- The Washington Times - Monday, September 16, 2002

An Australian scientist says that air pollution from far-off cities may be playing a role in the Sahel drought in northern Africa by preventing the northward movement of the tropical rain belt.
The Sahel is an area that extends across Africa on the southern edge of the Sahara desert. Every year the desert moves scores of miles southward because of desertification and erosion, while the Sahel shrinks at an alarming rate.
"The Sahelian drought may be due to a combination of natural variability and atmospheric aerosol. Cleaner air in the future will mean greater rainfall in this region," Leon Rotstayn, an Australian government researcher, said in a recent report.
Aerosols are created by both natural and human sources, such as the burning of fossil fuels and biomass. In an aerosol, tiny particles act as small nuclei on which cloud droplets can form. In high concentrations, these will result in brighter clouds, causing more solar energy to be reflected back into space and lowering temperatures in polluted areas or altering global rainfall patterns.
"Global climate change is not solely being caused by rising levels of greenhouse gases. Atmospheric pollution is also having an effect," Mr. Rotstayn said. Many scientists believe that greenhouse gases, such as carbon dioxide, are responsible for the warming of Earth's atmosphere.
But Mr. Rotstayn says he has new evidence that aerosols from power-generation and industry in the north could be far more significant in disrupting the regional climate in poor nations in tropical Africa.
"It's still speculative and the model isn't very refined, but it's very interesting. It's the first time we've seen a connection between pollution in the midlatitudes and climate in the tropics," said Johann Feitchter of the Max Planck Institute for Meteorology in Hamburg, Germany.
On a positive note, Mr. Rotstayn said that a reduction in the severity of the Sahel drought in the 1990s could be linked to emission controls in Europe and North America that lowered levels of atmospheric pollutants.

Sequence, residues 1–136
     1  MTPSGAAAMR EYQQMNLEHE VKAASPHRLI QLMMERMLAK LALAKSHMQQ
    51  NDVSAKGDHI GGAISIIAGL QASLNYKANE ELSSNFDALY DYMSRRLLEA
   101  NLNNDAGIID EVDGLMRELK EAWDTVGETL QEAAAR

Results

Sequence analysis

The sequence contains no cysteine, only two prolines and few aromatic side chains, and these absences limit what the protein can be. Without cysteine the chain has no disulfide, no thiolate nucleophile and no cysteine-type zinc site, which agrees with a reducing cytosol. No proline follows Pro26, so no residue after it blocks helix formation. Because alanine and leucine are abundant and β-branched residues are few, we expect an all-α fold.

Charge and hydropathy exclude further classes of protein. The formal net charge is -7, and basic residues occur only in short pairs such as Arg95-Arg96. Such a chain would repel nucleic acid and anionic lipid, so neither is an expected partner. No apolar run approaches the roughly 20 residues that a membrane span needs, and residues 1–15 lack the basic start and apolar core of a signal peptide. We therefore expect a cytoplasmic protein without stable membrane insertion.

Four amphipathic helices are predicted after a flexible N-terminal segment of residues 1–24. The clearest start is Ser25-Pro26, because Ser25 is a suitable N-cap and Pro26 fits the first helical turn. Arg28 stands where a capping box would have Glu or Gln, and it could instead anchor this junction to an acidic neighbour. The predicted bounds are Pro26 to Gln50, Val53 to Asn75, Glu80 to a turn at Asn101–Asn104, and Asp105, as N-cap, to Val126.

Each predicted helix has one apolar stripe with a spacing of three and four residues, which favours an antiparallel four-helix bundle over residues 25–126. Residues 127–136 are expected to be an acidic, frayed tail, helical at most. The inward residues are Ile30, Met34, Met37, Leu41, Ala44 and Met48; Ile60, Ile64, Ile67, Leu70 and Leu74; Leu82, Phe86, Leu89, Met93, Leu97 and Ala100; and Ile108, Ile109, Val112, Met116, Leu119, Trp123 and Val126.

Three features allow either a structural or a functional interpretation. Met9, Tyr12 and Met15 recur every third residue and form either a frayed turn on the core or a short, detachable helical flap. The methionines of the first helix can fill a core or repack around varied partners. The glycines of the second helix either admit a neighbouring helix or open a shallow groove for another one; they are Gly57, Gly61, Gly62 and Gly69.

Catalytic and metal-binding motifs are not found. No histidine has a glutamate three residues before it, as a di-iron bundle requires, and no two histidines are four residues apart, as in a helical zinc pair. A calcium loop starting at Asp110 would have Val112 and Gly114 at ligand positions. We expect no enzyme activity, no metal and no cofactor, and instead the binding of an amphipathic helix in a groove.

But Patrick J. Michael, a senior fellow at the Cato Institute who specializes in environmental studies, said he is skeptical of the Australian's research.
The Sahel region clearly was overgrazed in the past, which resulted in raised surface temperatures and put large quantities of dust in the air, Mr. Michael said in an interview.
"The effect on regional climate from desertification and overgrazing is much larger than the effect on regional climate from sulfate aerosol," he said.
Scientists generally are reluctant to apply existing models of global climate change to regions because the results are considered unreliable, he said.
U.N. Secretary-General Kofi Annan recently highlighted the dangers of desertification to northern Africa. He said that in the next 20 years, about 60 million people are expected to leave the Sahel if desertification is not stopped.
"Every year, an estimated $42 billion in income and [about 15 million acres] of productive land are being lost because of desertification, land degradation and declining agricultural productivity, and 135 million people who depend primarily on land for their livelihood are at risk of being displaced," Mr. Annan said in a message to mark World Day to Combat Decertification and Drought.
"We need to reverse the decline in agricultural productivity, especially in Africa, so that food production keeps pace with the number of mouths to feed," he said.
"The fight against desertification is fundamentally a fight against poverty," said Hama Arba Diallo, executive secretary at the U.N. Convention to Combat Decertification and Drought.
"We need to find ways to halt land degradation and to manage land more responsibility" Mr. Annan said.

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